Like Shoes, Stones Must Fit

I have learned – the hard way, of course – that it pays to be sure a stone fits the bezel before you attach the bezel to the backplate, because there can be microscopic variations in the size of matched stones. Here is one of the blue agates being tested for fit. With earrings, it also pays to pair up stones, bezels and backings and assemble one set at a time. That saves inadvertently setting the slightly smaller stone in the bezel meant for the slightly larger on (that can be done) – only to find the larger one will not fit into the smaller bezel (that cannot be done).

One Done

Yesterday, we got hit with our first winter storm – wild winds and sheets of rain. A great day to get into the shop and complete these. Here is the first of the pair, stone set and ear wire attached.


Two Done




Next up, a pair of triangle dangles set with tiny amethysts. Stay tuned ;-)













Saturday, 7 November 2015

Rainy November Day

Dreary, but Good for Indoor Work

Very gray, very wet today. Bench and computer time, for sure. I posted this lapis lazuli pendant on etsy yesterday. Here is a quick look at the process.


Here is a photo of the parts — the oval lapis cabochon, the sterling back plate with bezel soldered on and the square sterling wire that will frame the piece and let it hang from a chain. Those pliers helped shape a bail from the end of the wire. It's a simple design, although slightly bothersome to actually make ;-) I seldom come up with ideas that make my life easy!

First Things First

Before I soldered the bezel onto the back plate, I cut out a pair of hearts. In this photo, I am using a strip of 400 grit sandpaper to smooth the edges of those cutouts. Why hearts? I just felt like it, I guess.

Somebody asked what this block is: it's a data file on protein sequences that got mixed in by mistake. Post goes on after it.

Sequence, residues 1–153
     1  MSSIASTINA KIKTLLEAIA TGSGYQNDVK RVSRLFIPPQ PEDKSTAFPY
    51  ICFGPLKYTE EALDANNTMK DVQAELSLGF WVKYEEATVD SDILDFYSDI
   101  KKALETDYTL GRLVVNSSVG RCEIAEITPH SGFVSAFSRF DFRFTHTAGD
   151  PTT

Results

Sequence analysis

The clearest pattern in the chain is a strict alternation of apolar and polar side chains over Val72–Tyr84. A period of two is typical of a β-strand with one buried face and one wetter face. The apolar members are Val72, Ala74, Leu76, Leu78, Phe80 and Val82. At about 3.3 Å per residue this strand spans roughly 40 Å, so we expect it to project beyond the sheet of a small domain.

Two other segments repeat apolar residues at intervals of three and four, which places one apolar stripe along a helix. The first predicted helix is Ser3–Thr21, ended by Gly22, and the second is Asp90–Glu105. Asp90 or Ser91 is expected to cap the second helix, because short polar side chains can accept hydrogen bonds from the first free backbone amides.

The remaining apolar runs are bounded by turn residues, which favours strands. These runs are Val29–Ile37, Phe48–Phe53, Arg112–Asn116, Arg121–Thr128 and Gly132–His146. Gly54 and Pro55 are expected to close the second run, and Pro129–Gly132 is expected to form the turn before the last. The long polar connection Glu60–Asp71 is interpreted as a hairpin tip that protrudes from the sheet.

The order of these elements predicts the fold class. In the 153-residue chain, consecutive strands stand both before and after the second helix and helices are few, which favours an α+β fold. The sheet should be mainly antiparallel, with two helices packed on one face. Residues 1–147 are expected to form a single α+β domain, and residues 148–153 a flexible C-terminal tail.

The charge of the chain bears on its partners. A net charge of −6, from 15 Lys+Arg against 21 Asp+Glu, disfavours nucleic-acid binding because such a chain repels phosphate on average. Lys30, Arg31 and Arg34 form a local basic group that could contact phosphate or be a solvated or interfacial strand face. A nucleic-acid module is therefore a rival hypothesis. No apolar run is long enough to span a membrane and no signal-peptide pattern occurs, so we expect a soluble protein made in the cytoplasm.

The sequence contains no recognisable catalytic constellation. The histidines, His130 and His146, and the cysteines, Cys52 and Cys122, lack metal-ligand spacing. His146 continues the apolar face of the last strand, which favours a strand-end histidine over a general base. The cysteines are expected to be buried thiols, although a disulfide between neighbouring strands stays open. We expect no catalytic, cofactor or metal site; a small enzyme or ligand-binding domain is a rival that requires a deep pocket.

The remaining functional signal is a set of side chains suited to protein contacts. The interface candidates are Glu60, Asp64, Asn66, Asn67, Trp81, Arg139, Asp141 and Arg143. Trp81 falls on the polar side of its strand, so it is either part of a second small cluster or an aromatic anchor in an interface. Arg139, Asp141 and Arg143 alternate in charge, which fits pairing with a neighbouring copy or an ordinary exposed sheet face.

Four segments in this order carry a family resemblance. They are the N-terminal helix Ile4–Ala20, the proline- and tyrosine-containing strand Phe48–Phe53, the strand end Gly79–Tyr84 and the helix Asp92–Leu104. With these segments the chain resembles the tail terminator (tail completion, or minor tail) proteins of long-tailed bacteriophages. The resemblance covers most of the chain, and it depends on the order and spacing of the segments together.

It's a pretty good policy to cut out part of the backplate for a couple of reasons. First, it lightens the piece for wearing comfort (especially useful in a large item like this). Second, if repairs are ever needed, having an opening or two makes it easier to remove the stone. There are few, if any, stones you would risk leaving in place if a solder joint needed re-heating!

Two Final Photos


With the wire frame soldered to the backing, I used a series of polishing discs on the piece prior to setting the stone.


I wonder if this will end up under someone's Christmas tree? It does look a bit like a tree ornament, doesn't it?


Thursday, 5 November 2015

Iolite Pendant

Such a Pretty Trio

In recent months, I have developed a fondness for iolite. There is great depth to the blue-purple color in these stones. I have several cabs in my stash so decided to use three in a simple sterling pendant.



The design I settled on is a rectangle, embellished with an engraved centre line behind the tube-set cabochons.

Protecting the Stones

Once the sterling has been prepared (sanding and polishing is much easier before adding the settings),  I added the tube settings and a hidden bail. Ready to set the stones and it becomes important to avoid scratching the silver surface.

 Setting stones — no matter the design of the setting (prong, bezel or tube)—involves using steel tools to press metal unto the stones. Steel is much harder than silver, so the danger is obvious. Protection is essential.

A Simple Solution


It's just a strip of painters' tape, with cutouts to reveal the settings. It is still important to take great care with the tool — in this case a steel burnisher — because the tape will only protect against light scratches. If you really dig into the silver, you will be back to filing and sanding for hours! If the damage is bad enough, you might have to remove the settings (by re-melting the solder) to get a level surface to work on. Ouch :-(

Done Deal

Here is the finished pendant. Just need to complete the final polishing and get a sunny day (or hour) to photograph it for my shop <etsy.com/DixSterling>.